Researchers at Boston Medical Center (BMC) and Boston University School of Medicine (BUSM) have found that using a black light, or Wood's light, helps dermatologists determine disease extent of melasma, a hyperpigmentation condition that causes brown and gray patches to appear on the face.
Melasma is most common among women, and often appears during pregnancy due to hormonal changes, leading many to refer to it as "the mask of pregnancy". Most people notice skin discoloration on their cheeks, forehead, chin and bridge of their nose. The patches can also appear on parts of the body that are exposed to the sun like the arms and neck. When left undiagnosed, the brown and gray spots on the skin continue to darken and can alter a patient's appearance and quality of life.
"In some cases, melasma can be very difficult to detect with the naked eye," said Neelam Vashi, MD, director of the Center for Ethnic Skin at BMC and Boston University. "Using a black light allows us to assess the extent of the disease and counsel patients on sun protection measures and treatment options."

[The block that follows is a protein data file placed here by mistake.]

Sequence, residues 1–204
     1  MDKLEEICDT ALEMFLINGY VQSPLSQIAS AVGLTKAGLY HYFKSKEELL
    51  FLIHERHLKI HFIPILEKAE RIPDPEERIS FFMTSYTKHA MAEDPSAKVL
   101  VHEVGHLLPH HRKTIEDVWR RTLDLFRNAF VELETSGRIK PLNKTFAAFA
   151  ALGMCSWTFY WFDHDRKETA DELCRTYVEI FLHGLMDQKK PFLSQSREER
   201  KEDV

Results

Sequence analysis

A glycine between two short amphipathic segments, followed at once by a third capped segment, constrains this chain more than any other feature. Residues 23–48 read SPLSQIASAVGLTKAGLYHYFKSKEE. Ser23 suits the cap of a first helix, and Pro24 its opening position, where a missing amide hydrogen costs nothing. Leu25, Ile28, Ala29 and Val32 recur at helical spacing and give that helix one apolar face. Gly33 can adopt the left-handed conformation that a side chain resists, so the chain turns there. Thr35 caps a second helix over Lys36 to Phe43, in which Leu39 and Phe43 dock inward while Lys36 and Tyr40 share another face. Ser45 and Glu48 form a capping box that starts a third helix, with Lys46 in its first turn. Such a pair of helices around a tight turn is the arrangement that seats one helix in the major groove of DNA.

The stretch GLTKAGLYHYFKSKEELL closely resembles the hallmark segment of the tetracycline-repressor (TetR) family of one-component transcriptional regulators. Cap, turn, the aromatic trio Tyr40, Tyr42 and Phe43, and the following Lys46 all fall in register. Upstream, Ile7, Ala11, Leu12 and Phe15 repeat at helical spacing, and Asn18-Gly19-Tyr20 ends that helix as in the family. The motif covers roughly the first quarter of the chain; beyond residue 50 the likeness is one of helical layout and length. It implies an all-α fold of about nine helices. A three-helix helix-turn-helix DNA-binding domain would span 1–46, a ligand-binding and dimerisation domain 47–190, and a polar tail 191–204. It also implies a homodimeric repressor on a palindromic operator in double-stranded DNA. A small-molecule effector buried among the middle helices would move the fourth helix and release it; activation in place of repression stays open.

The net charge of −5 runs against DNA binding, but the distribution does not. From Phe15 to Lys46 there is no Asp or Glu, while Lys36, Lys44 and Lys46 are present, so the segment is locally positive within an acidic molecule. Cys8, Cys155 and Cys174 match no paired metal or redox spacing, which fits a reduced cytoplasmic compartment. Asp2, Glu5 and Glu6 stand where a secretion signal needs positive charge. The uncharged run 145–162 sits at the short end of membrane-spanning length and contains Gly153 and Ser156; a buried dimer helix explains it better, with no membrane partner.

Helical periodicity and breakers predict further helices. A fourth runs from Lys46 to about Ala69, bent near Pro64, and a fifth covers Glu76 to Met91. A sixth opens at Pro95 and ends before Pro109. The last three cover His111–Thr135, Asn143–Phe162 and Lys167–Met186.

A black light detects changes in color or fluorescence in the skin, making pigment disorders appear to shine under the light. It has been suggested as an aid in diagnosing melasma depth, but this is the first study to find a significant quantitative difference between viewing the skin under natural light versus under a black light when evaluating extent in those with subtle disease.
"Early detection is critical in treating this disease before it worsens. Without the use of a black light, the extent of the disease could go unnoticed and worsen over time with ultraviolet ray exposure or laser therapy. Treatment for melasma needs to be maintained, otherwise there is risk of the condition returning", said Vashi who is also an assistant professor of dermatology at BUSM.
Melasma treatments include topical creams, chemical peels, microdermabrasion, and sun protection. Researchers recommend that women protect themselves by applying sunblock every two hours when out in the sun or avoiding sun exposure altogether for those with a genetic predisposition, who are pregnant or have a known family history of melasma.
The study was published online in the Journal of the American Academy of Dermatology.
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